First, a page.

“Anti-Black” is used to describe actions, attitudes, systems and behaviors geared toward subjugating, dehumanizing, and/or discriminating against Black people or Blackness. When exploring disparities in health, income, education, and more among Black communities, it’s important to explore the effects of anti-Blackness, at both a systemic and an individual level.
A hate crime as defined by the Justice Department is “a crime motivated by bias against [perceived or actual] race, color, religion, national origin, sexual orientation, gender, gender identity, or disability.” Since the legal standard for a hate crime is narrow and may be difficult to determine, especially in a breaking news situation, adding hedging language such as “possible” or “alleged” may be necessary until further information is available.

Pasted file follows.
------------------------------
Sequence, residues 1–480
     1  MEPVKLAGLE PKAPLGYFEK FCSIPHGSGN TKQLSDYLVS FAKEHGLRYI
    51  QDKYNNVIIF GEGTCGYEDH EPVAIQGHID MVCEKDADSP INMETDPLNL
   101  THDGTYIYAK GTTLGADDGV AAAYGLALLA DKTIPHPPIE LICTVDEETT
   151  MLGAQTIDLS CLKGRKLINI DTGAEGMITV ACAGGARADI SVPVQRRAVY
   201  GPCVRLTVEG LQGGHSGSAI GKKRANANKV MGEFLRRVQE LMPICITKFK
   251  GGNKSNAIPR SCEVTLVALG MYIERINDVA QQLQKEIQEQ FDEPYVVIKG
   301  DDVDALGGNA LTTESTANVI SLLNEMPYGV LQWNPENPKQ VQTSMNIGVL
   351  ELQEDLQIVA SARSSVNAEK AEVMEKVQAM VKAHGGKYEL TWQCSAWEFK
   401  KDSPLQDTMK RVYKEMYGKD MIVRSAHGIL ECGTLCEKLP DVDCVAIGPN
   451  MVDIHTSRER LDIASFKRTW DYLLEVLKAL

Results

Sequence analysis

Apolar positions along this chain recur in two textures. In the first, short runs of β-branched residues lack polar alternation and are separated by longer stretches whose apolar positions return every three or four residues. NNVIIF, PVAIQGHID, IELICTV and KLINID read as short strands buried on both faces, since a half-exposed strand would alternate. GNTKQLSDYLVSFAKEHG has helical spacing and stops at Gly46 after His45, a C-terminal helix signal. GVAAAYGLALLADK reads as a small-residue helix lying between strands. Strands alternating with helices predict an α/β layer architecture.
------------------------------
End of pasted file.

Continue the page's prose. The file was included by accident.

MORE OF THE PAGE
Racism in the United States is a system and structure that entrenches a power differential between groups based on race that subjugates, marginalizes, and oppresses people of color while upholding white privilege and white supremacy. Using euphemistic language — calling something “racially charged” or “racially tinged” when it’s clearly racist, like the use of a racial slur — can appear to downplay the negative effects of the actions or words and excuse the offending conduct/party. It’s more precise to put the focus on the actions or words rather than the person; saying someone made racist statements is clearer and in many cases more accurate than declaring someone is “a racist.”
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